COLLISION COURSE: Iluka and Woombah residents gather near the site of a proposed asphalt plant near the Iluka turnoff. They are unhappy about the traffic problems and the lack of consultation over the location of the plant.
COLLISION COURSE: Iluka and Woombah residents gather near the site of a proposed asphalt plant near the Iluka turnoff. They are unhappy about the traffic problems and the lack of consultation over the location of the plant. Adam Hourigan

Fight over highway asphalt plant

OVER the past few days, the community of Woombah has been a hive of activity. Emails bouncing back and forth, letters written and many phone calls made to rally the residents.

As some gathered yesterday morning on the makeshift intersection at Iluka Rd that takes them towards the Pacific Highway, they were keen to point out they are not against the upgrade of the Pacific Highway.

What they're not happy about is an asphalt batching plant being built right near their houses, using their only connecting road to the villages.

"We want the highway, and we want the asphalt plant to be somewhere, but we want it to be away from our communities where it won't impact on our health and safety,” Woombah resident David Wilson said.

According to an RMS notification, the proposed temporary asphalt site is due to start being built this month, with residents saying they have had two weeks' notice of the build, with the consultation period scheduled to end today.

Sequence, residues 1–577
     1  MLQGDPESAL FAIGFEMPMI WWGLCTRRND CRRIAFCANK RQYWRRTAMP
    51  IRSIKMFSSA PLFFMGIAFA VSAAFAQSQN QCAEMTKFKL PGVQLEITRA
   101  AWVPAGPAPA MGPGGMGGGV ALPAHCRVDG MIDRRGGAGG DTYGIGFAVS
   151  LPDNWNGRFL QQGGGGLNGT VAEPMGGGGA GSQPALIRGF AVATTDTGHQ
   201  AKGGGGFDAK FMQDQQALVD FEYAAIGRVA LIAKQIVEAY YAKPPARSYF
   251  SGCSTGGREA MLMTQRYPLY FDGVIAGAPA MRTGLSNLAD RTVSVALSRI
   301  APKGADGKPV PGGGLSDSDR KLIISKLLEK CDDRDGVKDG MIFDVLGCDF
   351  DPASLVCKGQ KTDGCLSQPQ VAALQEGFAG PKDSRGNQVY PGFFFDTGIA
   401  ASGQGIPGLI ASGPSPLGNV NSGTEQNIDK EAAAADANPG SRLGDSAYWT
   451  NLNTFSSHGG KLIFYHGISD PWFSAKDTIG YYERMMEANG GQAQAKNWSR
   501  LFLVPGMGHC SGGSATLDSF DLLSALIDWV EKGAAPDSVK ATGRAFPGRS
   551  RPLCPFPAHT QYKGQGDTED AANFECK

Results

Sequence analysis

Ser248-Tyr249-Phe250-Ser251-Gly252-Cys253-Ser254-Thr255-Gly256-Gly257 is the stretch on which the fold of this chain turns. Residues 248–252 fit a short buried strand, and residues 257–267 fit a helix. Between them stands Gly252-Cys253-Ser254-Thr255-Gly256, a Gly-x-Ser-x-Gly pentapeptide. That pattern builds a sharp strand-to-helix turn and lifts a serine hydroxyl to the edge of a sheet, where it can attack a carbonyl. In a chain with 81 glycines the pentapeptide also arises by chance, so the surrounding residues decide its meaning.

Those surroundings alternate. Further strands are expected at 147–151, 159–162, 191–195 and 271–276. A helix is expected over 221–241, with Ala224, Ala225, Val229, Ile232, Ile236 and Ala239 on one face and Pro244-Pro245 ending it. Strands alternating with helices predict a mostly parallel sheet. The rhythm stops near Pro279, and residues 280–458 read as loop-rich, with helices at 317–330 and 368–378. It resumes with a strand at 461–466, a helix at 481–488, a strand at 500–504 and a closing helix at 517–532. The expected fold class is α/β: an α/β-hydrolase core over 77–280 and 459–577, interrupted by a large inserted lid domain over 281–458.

"We live within one kilometre of the plant and we found out two weeks ago by letterbox drop,” Mr Wilson said.

"We found out last Wednesday they didn't tell anyone else.

"We've been around to other residents who are just outside the area and they had no idea the plant was coming at all.”

The plant will add a reported 500 truck moments and 100 car movements per day at peak, or one every minute, and residents are concerned the additional traffic will create safety problems, and a bottleneck at their intersection, which they already describe as "tight” after it was temporarily re-routed.

They also cite concerns over possible health affects the dust may cause for nearby residents.

"We have residents as close as 450 metres from the plant who are suffering from lung cancer,” Mr Wilson said.

"Although Pacific Complete have been made aware of this, since they were first told they have failed to take action to acknowledge her.”

Mr Wilson said that with 155km of highway being built, there was plenty of room for the asphalt plant to go, and said that a move to the western side of the highway would improve the plan.

In order to build the Woolgoolga to Ballina Pacific Highway upgrade, Roads and Maritime and its contract partners need to build a number of batch plants close to the project to produce concrete and asphalt for the remaining 126 kilometres of new dual carriageway.

A Roads and Maritime spokesperson said given the issues being raised by the local community, they are extending the period for community feedback on the proposal by two weeks to Wednesday July 18.

"The proposal is not approved and is currently undergoing environmental assessment including the assessment of any potential impacts such as traffic, noise and air quality,” they said.

In addition, the project team plan to hold a drop-in information session for the community to become better informed about the proposal, explain how the impacts will be mitigated and answer any questions about the operation of the temporary plant. Details about the drop in session will be advised to the community shortly.

"Community feedback will be one of a number of considerations in deciding the location and design of the plant,” the spokesperson said.

The spokesperson said the batch plant, which is currently planned to be on the eastern side of the existing highway about 700 metres north of the former Iluka Road turnoff, would only be used until mid 2020 and then be demobilised and removed.



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